Your client will likely answer ‘No Way’!
From the court’s perspective, windfalls are not a special category of contributions and they must be:
The timing of the windfall will however be relevant as to how the windfall is ‘shared’:
The short answer is that the windfall is unlikely to be retained in full by your client.
I’ll leave it you to break the bad news to them.
Next Steps Before a Divorce Property Settlement
You and/or your client may benefit from discussing the circumstances of the inheritance or other windfall and divorce property settlement before taking any action such as distributing or disposing of the asset in a manner that may adversely impact against your client.
Vanessa Mathews and Kuppy Nambiar are family law specialists with the expertise and experience to advise you about your family law property settlement issues.
Please call Mathews Family Law on 03 9804 7991 or email email@example.com to speak with Vanessa Mathews or Kuppy Nambiar.
Mathews Family Law – Dividing the Property: http://mathewsfamilylaw.com.au/divorce/divorce-videos/dividing-the-property-in-victoria/
Family Court of Australia: http://www.familycourt.gov.au/wps/wcm/connect/fcoaweb/home
Federal Circuit Court of Australia: http://www.federalcircuitcourt.gov.au/wps/wcm/connect/fccweb/home
I recently had my first encounter with ‘Bitcoins’, a new and modern form of currency which, like savings, are included in the matrimonial asset pool.
‘Bitcoin’ is a form of digital currency.
‘Bitcoin’ can be used for payment of goods and services.
In this particular case, the value of the ‘bitcoins’ had significantly increased and was considered by the parties to have been an excellent investment. Much of the ‘bitcoin’ market is speculative, and the value of ‘bitcoins’ is therefore very much subject to fluctuation.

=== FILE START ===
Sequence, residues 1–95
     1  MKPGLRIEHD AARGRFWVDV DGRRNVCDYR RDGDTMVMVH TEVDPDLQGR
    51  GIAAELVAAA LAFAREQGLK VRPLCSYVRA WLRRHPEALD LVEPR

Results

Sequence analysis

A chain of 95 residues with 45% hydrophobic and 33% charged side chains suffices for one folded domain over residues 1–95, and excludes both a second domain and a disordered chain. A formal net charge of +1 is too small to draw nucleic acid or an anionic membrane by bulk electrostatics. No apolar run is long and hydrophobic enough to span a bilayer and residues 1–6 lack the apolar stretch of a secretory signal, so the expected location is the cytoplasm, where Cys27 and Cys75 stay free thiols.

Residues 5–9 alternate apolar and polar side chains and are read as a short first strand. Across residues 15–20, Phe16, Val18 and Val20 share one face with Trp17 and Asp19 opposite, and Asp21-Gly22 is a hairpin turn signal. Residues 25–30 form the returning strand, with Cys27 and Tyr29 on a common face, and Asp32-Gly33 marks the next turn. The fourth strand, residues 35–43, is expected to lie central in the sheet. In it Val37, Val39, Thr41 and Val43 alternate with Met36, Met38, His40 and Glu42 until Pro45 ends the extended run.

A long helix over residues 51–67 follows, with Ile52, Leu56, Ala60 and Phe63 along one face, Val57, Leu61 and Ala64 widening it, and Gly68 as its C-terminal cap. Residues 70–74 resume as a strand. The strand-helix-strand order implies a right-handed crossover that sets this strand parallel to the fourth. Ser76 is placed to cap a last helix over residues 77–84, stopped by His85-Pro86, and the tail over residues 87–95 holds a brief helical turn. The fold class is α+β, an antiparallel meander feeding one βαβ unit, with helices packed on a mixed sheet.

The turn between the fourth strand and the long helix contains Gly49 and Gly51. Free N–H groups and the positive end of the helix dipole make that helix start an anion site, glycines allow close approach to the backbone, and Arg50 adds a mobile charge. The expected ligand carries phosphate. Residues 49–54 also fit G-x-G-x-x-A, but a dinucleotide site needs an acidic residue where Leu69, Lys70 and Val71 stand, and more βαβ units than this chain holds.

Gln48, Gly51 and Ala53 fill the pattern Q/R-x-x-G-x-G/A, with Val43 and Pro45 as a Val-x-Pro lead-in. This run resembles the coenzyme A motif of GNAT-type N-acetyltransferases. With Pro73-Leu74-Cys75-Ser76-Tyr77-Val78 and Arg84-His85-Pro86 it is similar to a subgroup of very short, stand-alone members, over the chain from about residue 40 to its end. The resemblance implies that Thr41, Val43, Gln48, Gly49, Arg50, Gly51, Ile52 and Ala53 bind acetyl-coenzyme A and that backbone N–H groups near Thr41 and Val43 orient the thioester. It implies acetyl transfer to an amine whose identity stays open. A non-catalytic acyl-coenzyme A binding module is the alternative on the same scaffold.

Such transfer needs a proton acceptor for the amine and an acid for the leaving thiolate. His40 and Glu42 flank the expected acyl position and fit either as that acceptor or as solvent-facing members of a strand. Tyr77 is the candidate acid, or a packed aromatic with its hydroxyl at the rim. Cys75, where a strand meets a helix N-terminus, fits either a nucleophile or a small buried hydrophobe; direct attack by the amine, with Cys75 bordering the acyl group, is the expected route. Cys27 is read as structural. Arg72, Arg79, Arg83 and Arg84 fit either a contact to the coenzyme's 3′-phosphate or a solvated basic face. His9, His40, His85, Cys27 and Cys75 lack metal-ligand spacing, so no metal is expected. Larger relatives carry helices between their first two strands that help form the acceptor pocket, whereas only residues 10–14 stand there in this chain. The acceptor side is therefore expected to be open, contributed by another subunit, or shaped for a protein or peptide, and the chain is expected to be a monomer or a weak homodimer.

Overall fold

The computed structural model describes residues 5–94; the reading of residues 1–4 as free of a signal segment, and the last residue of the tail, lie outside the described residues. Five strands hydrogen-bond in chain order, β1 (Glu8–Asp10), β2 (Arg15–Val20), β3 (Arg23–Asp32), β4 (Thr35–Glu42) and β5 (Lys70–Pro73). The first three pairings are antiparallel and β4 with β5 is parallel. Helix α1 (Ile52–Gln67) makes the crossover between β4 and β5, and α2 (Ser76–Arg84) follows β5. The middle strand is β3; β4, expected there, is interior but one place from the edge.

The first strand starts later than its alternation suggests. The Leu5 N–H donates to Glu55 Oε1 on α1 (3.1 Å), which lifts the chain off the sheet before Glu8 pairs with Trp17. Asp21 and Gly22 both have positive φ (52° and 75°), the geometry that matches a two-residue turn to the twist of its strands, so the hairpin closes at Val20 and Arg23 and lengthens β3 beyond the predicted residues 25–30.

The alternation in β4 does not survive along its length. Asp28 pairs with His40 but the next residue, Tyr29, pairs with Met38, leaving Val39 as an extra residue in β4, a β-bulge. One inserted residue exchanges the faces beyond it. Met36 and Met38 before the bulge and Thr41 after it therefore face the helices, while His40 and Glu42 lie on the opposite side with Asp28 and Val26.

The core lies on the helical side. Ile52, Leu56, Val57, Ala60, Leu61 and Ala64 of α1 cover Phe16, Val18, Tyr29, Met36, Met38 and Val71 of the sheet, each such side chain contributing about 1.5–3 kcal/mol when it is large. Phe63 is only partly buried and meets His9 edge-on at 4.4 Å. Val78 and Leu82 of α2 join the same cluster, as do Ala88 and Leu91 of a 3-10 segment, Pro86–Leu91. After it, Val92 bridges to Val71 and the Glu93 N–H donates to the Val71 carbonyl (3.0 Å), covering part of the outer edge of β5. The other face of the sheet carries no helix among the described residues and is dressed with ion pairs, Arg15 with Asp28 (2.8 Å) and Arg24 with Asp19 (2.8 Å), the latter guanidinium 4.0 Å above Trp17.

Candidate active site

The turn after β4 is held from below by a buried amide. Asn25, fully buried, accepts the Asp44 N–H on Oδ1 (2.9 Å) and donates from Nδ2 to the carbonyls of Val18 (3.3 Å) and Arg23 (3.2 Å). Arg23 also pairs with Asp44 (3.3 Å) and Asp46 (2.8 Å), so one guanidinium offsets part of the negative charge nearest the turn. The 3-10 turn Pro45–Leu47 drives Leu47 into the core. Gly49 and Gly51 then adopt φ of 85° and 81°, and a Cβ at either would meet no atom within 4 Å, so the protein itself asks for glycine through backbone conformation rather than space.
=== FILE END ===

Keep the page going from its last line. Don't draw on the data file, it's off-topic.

The ‘bitcoin’ investment was valued according to the current market value and included in the assets of the marriage to be divided between the parties.
Whether its ‘bitcoin’, an e-commerce business or an ‘app’ in the development phase, the team at Mathews Family Law, Australia Divorce, is able to provide you with expert legal advice about your property settlement entitlements.
Your client who is going through a matrimonial/de facto property settlement may say to you that their particular contribution to the accumulation of the asset pool was ‘special’, by which they mean that:
In this article we review the current law on ‘special contributions’ and how you might respond to your client’s claim.
The second step of the ‘4 Step Process’ for determining how the assets of the marriage ought to be divided between the parties includes consideration of the contributions of the parties.
Contributions may be:
A party may claim that they made a ‘special’ direct financial contribution which warrants them receiving a greater share of the asset pool.
Examples of ‘special contributions’ include contributions made by:
The existence of a ‘Doctrine of Special Contribution’ was recently reviewed, and rejected, in the decision in Kane v Kane by the Full Court of the Family Court .